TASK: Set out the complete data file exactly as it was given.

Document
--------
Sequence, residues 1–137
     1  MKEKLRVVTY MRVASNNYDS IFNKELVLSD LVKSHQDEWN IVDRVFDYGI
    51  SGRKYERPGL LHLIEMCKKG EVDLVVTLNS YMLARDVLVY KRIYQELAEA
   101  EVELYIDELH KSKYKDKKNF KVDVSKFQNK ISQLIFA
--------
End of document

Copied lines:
Sequence, residues 1–137
     1  MKEKLRVVTY MRVASNNYDS IFNKELVLSD LVKSHQDEWN IVDRVFDYGI
    51  SGRKYERPGL LHLIEMCKKG EVDLVVTLNS YMLARDVLVY KRIYQELAEA
   101  EVELYIDELH KSKYKDKKNF KVDVSKFQNK ISQLIFA